L L B - impossible

L L R - impossible

L B L - 1 heavy

L B B - 3 heavy

L B R - 2 heavy

L R L - 5 light

L R B - 6 light

L R R - 4 light

B L L - 8 light

B L B - 9 light

B L R - 7 light

B B L - impossible

B B B - all coins equal

B B R - impossible

B R L - 7 heavy

B R B - 9 heavy

B R R - 8 heavy

R L L - 4 heavy

R L B - 6 heavy

R L R - 5 heavy

R B L - 2 light

R B B - 3 light

R B R - 1 light

R R L - impossible

R R B - impossible

R R R - impossible

(Remember that c = (3^n - 3)/2)

3. With just c-3 (i.e. 9) coins, there are eight "impossible" outcomes. Use those slots for the three additional coins. Put coin c-2 (10) on the left and coin c-1 (11) on the right for the first n-1 (2) weightings. For the last weighting, put coin c-1 on the left and coin c (12) on the right. That new set of weightings will fill in six of the eight "impossible" slots in the lookup table:

1 2 3 10 -- 4 5 6 11

4 5 6 10 -- 7 8 9 11

1 4 7 11 -- 2 5 8 12

L L L - impossible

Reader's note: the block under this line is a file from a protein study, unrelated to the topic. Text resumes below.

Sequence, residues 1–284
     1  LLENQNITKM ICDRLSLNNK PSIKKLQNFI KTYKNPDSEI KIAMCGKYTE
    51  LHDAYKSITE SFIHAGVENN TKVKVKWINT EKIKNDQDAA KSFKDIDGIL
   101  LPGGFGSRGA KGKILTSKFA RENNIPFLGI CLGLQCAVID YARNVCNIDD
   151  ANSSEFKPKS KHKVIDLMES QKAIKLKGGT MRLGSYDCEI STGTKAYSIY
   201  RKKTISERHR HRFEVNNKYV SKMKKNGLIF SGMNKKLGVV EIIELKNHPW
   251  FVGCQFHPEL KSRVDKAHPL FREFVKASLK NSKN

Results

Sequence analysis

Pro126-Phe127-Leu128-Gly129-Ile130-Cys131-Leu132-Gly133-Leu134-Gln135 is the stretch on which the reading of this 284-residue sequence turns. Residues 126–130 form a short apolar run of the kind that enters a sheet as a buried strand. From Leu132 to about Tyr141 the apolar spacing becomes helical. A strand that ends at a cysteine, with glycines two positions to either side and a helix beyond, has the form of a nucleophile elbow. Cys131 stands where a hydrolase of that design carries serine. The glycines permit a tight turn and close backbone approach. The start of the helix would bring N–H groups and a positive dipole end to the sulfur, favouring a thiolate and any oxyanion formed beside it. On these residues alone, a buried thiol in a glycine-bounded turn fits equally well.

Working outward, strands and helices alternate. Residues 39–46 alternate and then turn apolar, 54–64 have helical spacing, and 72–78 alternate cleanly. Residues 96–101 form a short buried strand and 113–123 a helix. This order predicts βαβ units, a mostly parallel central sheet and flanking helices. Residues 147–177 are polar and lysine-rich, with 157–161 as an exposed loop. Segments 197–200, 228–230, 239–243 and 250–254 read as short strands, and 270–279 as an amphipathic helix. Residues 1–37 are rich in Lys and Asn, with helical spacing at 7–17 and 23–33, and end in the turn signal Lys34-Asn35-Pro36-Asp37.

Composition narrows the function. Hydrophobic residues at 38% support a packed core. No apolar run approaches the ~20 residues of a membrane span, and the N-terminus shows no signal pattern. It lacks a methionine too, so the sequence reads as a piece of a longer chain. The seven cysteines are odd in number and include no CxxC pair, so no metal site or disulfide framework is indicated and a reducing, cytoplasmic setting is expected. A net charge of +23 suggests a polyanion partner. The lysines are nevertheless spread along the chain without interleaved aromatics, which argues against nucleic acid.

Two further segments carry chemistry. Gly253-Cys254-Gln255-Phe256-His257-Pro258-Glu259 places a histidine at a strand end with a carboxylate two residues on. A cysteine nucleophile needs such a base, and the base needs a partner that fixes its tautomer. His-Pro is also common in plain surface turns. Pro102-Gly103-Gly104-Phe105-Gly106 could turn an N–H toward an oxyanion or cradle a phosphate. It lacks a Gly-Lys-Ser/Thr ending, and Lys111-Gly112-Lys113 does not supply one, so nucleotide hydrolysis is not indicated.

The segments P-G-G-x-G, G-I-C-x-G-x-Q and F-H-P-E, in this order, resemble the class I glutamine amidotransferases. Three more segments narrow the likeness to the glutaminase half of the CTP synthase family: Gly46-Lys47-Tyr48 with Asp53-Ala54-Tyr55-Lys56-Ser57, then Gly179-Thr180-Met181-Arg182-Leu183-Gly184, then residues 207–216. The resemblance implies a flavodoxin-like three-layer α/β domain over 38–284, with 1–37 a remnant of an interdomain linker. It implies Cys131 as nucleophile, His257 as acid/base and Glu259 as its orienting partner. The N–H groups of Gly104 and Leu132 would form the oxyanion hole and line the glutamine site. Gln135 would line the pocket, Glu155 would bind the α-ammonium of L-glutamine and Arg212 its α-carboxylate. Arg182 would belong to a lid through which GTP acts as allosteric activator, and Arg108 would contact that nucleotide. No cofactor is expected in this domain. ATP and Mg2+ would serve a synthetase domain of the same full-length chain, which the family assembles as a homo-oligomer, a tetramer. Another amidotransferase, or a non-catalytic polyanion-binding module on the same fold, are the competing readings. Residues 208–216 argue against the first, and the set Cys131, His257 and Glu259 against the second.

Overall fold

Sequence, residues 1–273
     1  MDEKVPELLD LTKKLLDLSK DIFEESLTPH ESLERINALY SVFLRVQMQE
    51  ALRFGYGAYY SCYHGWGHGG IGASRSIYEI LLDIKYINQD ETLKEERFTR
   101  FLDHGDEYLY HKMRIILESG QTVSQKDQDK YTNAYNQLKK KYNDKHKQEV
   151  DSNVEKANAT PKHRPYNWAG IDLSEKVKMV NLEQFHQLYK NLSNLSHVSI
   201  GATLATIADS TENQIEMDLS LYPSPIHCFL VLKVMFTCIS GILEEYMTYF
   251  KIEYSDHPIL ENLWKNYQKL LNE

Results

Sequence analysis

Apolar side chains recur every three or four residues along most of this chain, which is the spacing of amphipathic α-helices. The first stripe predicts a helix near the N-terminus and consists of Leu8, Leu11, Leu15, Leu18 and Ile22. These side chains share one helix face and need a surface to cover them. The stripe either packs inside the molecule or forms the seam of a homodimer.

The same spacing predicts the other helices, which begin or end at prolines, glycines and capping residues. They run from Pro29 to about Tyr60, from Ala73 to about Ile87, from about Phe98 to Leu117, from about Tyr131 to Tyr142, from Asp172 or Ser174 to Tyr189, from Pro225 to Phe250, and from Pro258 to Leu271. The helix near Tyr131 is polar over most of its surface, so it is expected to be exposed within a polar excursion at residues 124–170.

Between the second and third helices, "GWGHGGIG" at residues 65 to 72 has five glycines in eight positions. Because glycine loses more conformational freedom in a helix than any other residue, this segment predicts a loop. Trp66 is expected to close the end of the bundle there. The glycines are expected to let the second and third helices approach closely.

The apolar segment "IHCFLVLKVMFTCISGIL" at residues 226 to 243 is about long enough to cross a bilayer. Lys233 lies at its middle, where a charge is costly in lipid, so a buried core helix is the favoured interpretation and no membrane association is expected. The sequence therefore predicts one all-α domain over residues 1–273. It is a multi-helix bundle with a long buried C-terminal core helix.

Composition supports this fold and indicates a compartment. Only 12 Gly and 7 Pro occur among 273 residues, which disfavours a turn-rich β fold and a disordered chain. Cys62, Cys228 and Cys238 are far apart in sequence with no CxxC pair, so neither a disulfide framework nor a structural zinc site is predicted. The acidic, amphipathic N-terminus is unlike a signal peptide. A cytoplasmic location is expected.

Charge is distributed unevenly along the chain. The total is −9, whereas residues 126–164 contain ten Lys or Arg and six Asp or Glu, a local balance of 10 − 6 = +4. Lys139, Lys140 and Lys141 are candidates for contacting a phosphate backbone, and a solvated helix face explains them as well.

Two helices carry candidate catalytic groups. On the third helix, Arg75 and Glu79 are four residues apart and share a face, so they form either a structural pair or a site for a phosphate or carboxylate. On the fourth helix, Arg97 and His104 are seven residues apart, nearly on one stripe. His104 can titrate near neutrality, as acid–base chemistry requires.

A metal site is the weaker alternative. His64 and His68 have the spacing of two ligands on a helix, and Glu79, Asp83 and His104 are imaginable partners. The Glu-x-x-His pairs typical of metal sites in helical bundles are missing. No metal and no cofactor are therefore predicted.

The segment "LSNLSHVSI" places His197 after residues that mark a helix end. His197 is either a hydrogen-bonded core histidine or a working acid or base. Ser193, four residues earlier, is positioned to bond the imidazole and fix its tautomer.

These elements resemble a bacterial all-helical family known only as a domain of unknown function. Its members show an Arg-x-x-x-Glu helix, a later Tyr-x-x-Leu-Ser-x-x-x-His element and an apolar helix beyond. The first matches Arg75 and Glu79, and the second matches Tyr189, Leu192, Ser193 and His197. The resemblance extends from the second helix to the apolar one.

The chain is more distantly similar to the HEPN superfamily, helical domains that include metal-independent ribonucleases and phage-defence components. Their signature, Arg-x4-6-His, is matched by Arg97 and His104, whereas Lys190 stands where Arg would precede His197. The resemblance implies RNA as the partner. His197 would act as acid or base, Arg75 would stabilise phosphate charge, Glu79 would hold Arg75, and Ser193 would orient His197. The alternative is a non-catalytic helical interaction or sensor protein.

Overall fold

L L B - 10 heavy <--

L L R - 11 light <--

L B L - 1 heavy

L B B - 3 heavy

L B R - 2 heavy

L R L - 5 light

L R B - 6 light

L R R - 4 light

B L L - 8 light

B L B - 9 light

B L R - 7 light

B B L - 12 light <--

B B B - all coins equal

B B R - 12 heavy <--

B R L - 7 heavy

B R B - 9 heavy

B R R - 8 heavy

R L L - 4 heavy

R L B - 6 heavy

R L R - 5 heavy

R B L - 2 light

R B B - 3 light

R B R - 1 light

R R L - 11 heavy <--

R R B - 10 light <--

R R R - impossible

The added bonus here is that the LLL and RRR rows still represent the "impossible" outcomes. This is in contrast to the iwriteiam.com page I linked to earlier, where the impossible rows were the RL and LR ones for c=3 and RLL and LRR for c=12.

I can easily grind through the steps to create the list of weightings for S4 (c=39):

1, 2, 3, 4, 5, 6, 7, 8, 9,28,29,30,37 -- 10,11,12,13,14,15,16,17,18,31,32,33,38